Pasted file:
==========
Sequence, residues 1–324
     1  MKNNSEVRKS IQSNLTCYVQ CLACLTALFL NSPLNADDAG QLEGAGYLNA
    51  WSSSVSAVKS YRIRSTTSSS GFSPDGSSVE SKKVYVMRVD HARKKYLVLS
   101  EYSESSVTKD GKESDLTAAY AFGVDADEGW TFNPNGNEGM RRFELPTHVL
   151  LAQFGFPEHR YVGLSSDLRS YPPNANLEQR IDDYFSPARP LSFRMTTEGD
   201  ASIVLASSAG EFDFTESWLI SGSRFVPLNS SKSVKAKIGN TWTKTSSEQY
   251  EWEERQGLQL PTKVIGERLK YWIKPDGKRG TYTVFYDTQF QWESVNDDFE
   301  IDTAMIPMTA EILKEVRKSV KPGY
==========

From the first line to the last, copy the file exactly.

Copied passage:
Sequence, residues 1–324
     1  MKNNSEVRKS IQSNLTCYVQ CLACLTALFL NSPLNADDAG QLEGAGYLNA
    51  WSSSVSAVKS YRIRSTTSSS GFSPDGSSVE SKKVYVMRVD HARKKYLVLS
   101  EYSESSVTKD GKESDLTAAY AFGVDADEGW TFNPNGNEGM RRFELPTHVL
   151  LAQFGFPEHR YVGLSSDLRS YPPNANLEQR IDDYFSPARP LSFRMTTEGD
   201  ASIVLASSAG EFDFTESWLI SGSRFVPLNS SKSVKAKIGN TWTKTSSEQY
   251  EWEERQGLQL PTKVIGERLK YWIKPDGKRG TYTVFYDTQF QWESVNDDFE
   301  IDTAMIPMTA EILKEVRKSV KPGY